‘Let’s fill this block with love’: Ya Fav Trashman Terrill Haigler leads MLK Day cleanup crew

Kevin Simpson, who lives on one of the blocks visited by the crew, found the effort heartening after years of picking up trash on his own.

Eiji Mizukane places a glass bottle into a paper trash bag during a North Philly cleanup

Eiji Mizukane, 6, joined a North Philadelphia cleanup with his parents as part of the Martin Luther King Jr. Day of Service in 2021. (Kimberly Paynter/WHYY)

More than 100 people gathered in North Philadelphia Monday morning to help clean up the neighborhood as part of a day of service in honor of Dr. Martin Luther King Jr.

The event was organized by State Rep. Malcolm Kenyatta, a Philly Democrat, and Terrill Haigler — a city sanitation worker better known by his Instagram handle, “Ya Fav Trashman.”

Terrill Haigler wears a face mask on North 17th Street
Terrill Haigler, aka “Ya Fav Trashman” organized an MLK Day cleanup on North 17th Street in North Philadelphia. (Kimberly Paynter/WHYY)

“Social distance, keep your mask up, but if you can smile under your mask, say hi to somebody,” Haigler exhorted the crowd before the pickup effort began. “Let’s fill this block with love, joy, and appreciation.”

Kenyatta noted that his political career was kickstarted when he became a junior block captain — a role his mother urged him to take on after hearing him complain about how dirty their block was.

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“My mama said, ‘Malcolm if you care so much why don’t you go do something about it?’” Kenyatta said. “You all care, and you’re here to do something about it on MLK Day, which is amazing.”

Terrill Haigler and State Rep. Malcolm Kenyatta, wearing face masks, stand on North 17th Street
Terrill Haigler, aka “Ya Fav Trashman” (left) and State Rep. Malcolm Kenyatta (right) organized an MLK Day cleanup on North 17th Street in North Philadelphia. (Kimberly Paynter/WHYY)

Haigler built an audience on Instagram by giving people an inside look at Philadelphia’s often-criticized trash collection process. Since then, he’s used his platform to raise thousands of dollars to buy personal protective equipment for the city’s sanitation workers, and host a food drive.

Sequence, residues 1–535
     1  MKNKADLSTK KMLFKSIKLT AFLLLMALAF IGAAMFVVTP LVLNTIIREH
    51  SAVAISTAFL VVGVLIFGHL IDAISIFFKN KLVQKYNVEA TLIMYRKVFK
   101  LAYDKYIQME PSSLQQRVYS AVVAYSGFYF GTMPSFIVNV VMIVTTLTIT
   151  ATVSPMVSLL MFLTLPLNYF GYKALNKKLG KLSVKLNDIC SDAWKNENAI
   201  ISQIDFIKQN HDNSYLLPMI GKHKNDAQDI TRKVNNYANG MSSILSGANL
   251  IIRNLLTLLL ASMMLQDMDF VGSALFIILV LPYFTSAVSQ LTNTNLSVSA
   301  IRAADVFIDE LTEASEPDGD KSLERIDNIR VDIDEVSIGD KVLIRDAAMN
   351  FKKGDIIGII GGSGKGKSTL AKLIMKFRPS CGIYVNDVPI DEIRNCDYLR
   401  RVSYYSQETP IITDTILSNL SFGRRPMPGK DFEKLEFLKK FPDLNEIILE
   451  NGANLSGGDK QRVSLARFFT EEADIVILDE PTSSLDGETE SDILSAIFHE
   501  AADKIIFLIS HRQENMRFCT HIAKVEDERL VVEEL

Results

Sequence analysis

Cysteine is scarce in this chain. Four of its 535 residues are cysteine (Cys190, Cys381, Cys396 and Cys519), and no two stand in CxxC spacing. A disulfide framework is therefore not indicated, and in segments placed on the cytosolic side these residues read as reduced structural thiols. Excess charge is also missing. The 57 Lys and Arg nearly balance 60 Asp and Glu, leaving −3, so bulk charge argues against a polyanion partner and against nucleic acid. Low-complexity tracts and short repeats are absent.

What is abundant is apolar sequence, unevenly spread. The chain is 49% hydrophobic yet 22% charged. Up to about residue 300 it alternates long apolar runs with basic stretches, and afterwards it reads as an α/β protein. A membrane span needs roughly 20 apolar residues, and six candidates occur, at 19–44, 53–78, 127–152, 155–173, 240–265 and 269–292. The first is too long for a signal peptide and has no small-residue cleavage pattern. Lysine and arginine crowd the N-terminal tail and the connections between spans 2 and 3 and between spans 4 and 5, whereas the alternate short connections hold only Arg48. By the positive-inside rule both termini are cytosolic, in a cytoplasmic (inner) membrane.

Monday’s cleanup was more personal. Haigler lives just a few blocks away from where volunteers gathered.

“I’m elated [by the big turnout]” Haigler said. “I don’t even have words to explain how I feel that people care so much about somebody else’s community, somebody else’s block.”

The city of Philadelphia was slated to finally launch a large-scale street sweeping program last year, but a pandemic-driven budget shortfall forced Mayor Jim Kenney to abandon that effort.

Volunteers Monday picked up trash and mowed grass growing in vacant lots. They also distributed coats and boxes of food to community members in need.

The group skewed young and included people of many racial backgrounds. Nayelis Ortiz, 15, came with a group of fellow students from Community Academy of Philadelphia, a charter school in the Harrowgate neighborhood.

Robert Thompson (left), his wife, Eri Mizukane, and their 6-year-old son, Eiji, clean up a North Philly lot
Robert Thompson (left), his wife, Eri Mizukane, and their 6-year-old son, Eiji, joined the MLK Day of service cleanup in North Philadelphia. (Kimberly Paynter/WHYY)

“I’ve never really been part of something like this,” Ortiz said. “I thought it would be good to give it a chance, and see what kind of change we can actually make.”

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Julian Richardson, 18, said Martin Luther King Jr. Day has a special resonance this year, when the pandemic has largely kept people at home and apart.

“It’s nice we can still get together as a community and try and get something positive done on a day when it’s important to give back,” he said.

Kelvin Simpson wears a mask on North 17th Street
Kelvin Simpson said he’s been cleaning up North 17th Street for 50 years and the MLK Day cleanup volunteers made him hopeful. (Kimberly Paynter/WHYY)

Kevin Simpson, who lives on one of the blocks beautified by volunteers, found the effort heartening. The 63-year-old said he has spent part of nearly every day for decades picking up trash in his neighborhood. He was glad to have some help.

“I love this community, and I put all my time into it,” Simpson said. “This is what you do in a pandemic, you contribute.”

Still, some locals were skeptical that the spirit of service on display Monday would last once the holiday was over.

Libby Quibell (right) and Jazmund Walker (left) pick up trash on a North 17th Street lot
Libby Quibell (right) and Jazmund Walker (left) work together to clean up a lot on 17th Street for MLK Day. (Kimberly Paynter/WHYY)

“This is basically a photo op, that’s all it really is,” said Scott Dawkins, who stopped to watch the volunteers as he sipped a cup of coffee. “This is just for this day, what about all the other days?”

Those ‘other days’ were at the top of Rep. Kenyatta’s mind as well. He argued that King would have treated trash-strewn streets not as a singular problem, but as a symptom of systemic racism, along with things like high rates of poverty, incarceration, and housing insecurity.

“Every MLK Day gives us an opportunity to continue the work he so passionately did,” Kenyatta said. “But it’s also a reminder that the work has to go on beyond just today.”

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